SARAH SMILEY

My 14-year-old son’s lessons on being an adult

Posted July 20, 2014, at 10:07 a.m.
Last modified July 21, 2014, at 2:36 p.m.
Sarah Smiley
Sarah Smiley

Now that my oldest son, Ford, is almost 14 years old, he spends a lot of time thinking about what it means to be an adult. I don’t remember thinking the same way when I was 14, but I’m sure my husband, Dustin, did. This is likely a lesson in birth order, society’s expectations of boys versus girls, or just a matter of me being nothing like Ford and Dustin.

In any case, I try my best to help Ford navigate the world of adults, and it has become clear to me, through him, what young adults need to know. Along the way, Ford has created several “lessons.”

Lesson One: Adults offer to pay, even when they want someone else to.

Adult 1: I’ll take the check.

Adult 2: No, I’m paying.

Adult 1: [clutching bill to chest] Oh, no you’re not. I’m paying tonight.

Adult 2: You paid for lunch 10 years ago. It’s my turn.

Adult 1: No, I will not let you.

Adult 2: I will feel terrible if you don’t.

Adult 1: [slowly releasing bill and inching it closer to the halfway point of the table] Well, if you insist.

Adult 2: And you can pay the tip.

Ford wonders, how many times does an adult need to refuse? How many times do they need to offer? For how long is the whole you-paid-last-time argument valid — weeks? Months? Years? No one is sure. And yet, everyone agrees — silently, of course — that paying the tip isn’t even close to a compromise. Here is Ford’s advice: Always come prepared to pay for everyone.

Lesson Two: Adults give no obvious clues about what they really want.

Adult 1: [carrying a large load of groceries into the house, because the goal is to get so many plastic bags hanging from your pinky finger that it losing feeling]

Adult 2: Let me help you with that.

Adult 1: No, no, no. I’ve got this. I don’t need help.

Adult 2: But I can just take a few.

Adult 1: [limping, groaning, sweating] No, I’m fine.

Adult 2: Well, okay then.

Adult 1: [inside house] I can’t believe they didn’t help me.

According to Ford, it would be helpful if adults at least gave subtle cues, such as a wink, to what they really mean or want: “No, I don’t need any help [wink, wink]. I’ll just carry these 50 bags on my pinky finger [wink, wink].” But adults don’t do this, and, therefore, young adults should always err on the side of helping.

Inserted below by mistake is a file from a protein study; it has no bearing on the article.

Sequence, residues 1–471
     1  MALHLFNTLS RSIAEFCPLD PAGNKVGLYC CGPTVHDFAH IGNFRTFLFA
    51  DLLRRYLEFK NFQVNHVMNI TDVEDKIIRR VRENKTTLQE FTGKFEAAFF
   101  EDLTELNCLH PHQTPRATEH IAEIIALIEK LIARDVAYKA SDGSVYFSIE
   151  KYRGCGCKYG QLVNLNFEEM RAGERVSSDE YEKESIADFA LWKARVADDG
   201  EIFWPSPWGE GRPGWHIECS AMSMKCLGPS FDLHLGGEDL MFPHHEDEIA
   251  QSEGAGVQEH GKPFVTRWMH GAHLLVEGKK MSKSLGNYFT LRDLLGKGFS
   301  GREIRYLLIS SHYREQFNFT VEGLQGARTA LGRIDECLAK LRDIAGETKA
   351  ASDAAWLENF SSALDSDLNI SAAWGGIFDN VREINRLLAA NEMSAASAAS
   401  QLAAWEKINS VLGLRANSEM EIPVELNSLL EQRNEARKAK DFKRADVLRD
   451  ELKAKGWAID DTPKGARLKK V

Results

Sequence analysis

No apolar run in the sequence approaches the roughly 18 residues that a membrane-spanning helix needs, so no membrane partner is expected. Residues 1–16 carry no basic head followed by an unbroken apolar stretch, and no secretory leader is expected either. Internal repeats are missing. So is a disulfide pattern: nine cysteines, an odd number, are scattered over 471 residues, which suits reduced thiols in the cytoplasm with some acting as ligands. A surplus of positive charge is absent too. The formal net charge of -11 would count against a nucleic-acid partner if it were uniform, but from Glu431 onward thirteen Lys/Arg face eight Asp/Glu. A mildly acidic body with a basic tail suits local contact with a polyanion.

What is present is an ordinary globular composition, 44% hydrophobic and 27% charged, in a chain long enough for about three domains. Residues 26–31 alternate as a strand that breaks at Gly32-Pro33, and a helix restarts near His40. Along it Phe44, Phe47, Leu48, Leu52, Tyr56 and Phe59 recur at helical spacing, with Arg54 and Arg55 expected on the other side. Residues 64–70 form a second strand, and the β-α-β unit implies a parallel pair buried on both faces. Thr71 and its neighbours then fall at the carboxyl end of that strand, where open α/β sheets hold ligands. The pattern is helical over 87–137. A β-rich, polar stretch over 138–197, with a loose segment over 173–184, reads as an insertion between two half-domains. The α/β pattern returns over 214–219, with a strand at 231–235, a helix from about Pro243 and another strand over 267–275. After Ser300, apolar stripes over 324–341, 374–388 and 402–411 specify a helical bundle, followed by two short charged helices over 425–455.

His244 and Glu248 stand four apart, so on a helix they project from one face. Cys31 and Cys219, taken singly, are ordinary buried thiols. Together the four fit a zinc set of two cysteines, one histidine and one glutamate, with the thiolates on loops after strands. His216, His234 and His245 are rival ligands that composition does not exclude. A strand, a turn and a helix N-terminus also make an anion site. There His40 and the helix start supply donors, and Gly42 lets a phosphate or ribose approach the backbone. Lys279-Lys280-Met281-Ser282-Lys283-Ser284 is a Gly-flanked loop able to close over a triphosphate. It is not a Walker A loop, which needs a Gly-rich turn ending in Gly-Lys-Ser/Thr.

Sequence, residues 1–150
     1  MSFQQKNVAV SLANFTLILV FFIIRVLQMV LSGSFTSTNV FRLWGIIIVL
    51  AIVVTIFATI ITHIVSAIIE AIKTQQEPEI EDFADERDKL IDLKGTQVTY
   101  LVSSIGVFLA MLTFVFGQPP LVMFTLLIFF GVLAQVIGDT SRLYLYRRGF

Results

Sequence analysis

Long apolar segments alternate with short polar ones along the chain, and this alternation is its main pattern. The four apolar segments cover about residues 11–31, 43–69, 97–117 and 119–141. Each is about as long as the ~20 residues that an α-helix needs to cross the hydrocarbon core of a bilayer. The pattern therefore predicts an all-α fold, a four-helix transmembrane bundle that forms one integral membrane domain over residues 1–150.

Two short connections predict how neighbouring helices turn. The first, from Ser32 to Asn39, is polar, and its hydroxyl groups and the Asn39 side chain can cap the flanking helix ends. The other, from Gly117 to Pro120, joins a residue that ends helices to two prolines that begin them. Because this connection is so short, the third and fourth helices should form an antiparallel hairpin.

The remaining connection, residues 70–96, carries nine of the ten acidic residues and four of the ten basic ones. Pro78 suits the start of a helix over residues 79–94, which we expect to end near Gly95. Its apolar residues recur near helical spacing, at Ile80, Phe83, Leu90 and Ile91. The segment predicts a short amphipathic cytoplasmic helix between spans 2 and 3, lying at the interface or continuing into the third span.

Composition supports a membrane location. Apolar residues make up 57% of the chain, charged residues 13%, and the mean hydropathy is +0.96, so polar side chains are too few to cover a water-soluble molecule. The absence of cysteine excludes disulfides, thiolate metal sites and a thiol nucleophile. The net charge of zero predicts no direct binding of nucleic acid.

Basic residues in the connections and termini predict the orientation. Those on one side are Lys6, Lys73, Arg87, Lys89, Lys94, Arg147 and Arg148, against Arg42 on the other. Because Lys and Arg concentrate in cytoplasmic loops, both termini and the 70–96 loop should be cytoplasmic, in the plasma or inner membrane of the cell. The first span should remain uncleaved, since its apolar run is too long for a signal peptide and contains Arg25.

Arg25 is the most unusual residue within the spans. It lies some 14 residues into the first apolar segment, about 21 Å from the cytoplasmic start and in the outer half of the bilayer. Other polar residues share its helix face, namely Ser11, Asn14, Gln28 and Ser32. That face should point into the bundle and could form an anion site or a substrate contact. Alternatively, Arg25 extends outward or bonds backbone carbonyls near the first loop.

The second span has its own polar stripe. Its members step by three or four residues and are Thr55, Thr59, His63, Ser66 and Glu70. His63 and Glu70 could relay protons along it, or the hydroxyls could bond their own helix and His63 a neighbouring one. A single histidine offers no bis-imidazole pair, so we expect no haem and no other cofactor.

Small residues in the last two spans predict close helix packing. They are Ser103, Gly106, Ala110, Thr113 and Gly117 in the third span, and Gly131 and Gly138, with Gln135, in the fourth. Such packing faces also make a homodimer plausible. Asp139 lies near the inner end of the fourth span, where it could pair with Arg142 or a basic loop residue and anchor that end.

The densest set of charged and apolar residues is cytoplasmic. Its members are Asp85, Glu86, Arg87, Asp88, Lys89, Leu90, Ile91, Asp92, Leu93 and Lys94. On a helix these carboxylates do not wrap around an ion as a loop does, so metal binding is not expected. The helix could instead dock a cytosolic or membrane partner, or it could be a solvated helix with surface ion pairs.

Lesson Three: Adults will sacrifice a good option just to be the one who ordered the healthiest thing.

Adult 1: I’ll have the cheeseburger.

Adult 2: I’ll have a salad with grilled chicken.

Adult 1: [Regrets choice]

Adult 3: I’ll have a salad without chicken.

Adult 1 and 2: [pout]

Adult 4: I’ll have a salad without chicken or dressing.

Adult 1, 2 and 3: [look at their menus again]

Adult 5: Just give me the lettuce.

Adult 1, 2, 3, and 4 [in unison]: I’ll have just lettuce, too.

Ford thinks a restaurant is your one chance to order individually, to get exactly what you want. Adults should order what they wish to eat, not what makes them look best. But they don’t. So, young adults, never be the first to order.

Lesson Four: Adults don’t like to be wrong, unsafe, out-of-the-know.

Adult 1: [to her child] Go on out and play now, Jimmy.

Adult 2: [to her child] Before you go with Jane, you need to put on a helmet.

Adult 1: Oh, right. A helmet. Jimmy, get back here!

Adult 2: [buckling daughter’s helmet]

Adult 1: [buckling son’s helmet with one hand and getting out knee pads with the other]

Adult 2: I always make Jane where a helmet when she walks.

Adult 1: Yes, Jimmy wears a helmet, knee pads and elbow pads.

Adult 2: Sometimes I wrap her in bubble wrap.

Adult 1: Sometimes I don’t let him do anything at all.

According to Ford, having all the right information, especially when it comes to parenting, is important to adults. No one wants to be caught practicing 1980s-style safety. Which means, to be a good adult, you’ll need to read a lot of magazines and newspapers.

Lesson Five: Adults ask questions you shouldn’t answer, but then they say absolutely nothing when they want you to respond.

Adult 1: Do these pants make me look heavy?

(“Never, under any circumstances, answer that question truthfully.” — Ford)

Adult 1: [silence]

Adult 2: [chats about the weather, current events, the slimming pants Adult 1 is wearing]

Adult 1: [later that night] I can’t believe Adult 2 didn’t say anything about my new haircut.

According to Ford, young adults should just compliment adults on everything, all day, every day — especially their healthy food options and knowledge. If you can do that while carrying in the groceries and paying the pill, you’re golden.

Maine author and columnist Sarah Smiley’s writing is syndicated weekly to publications across the country. She and her husband, Dustin, live with their three sons in Bangor. She may be reached at Facebook.com/Sarah.is.Smiley.

 

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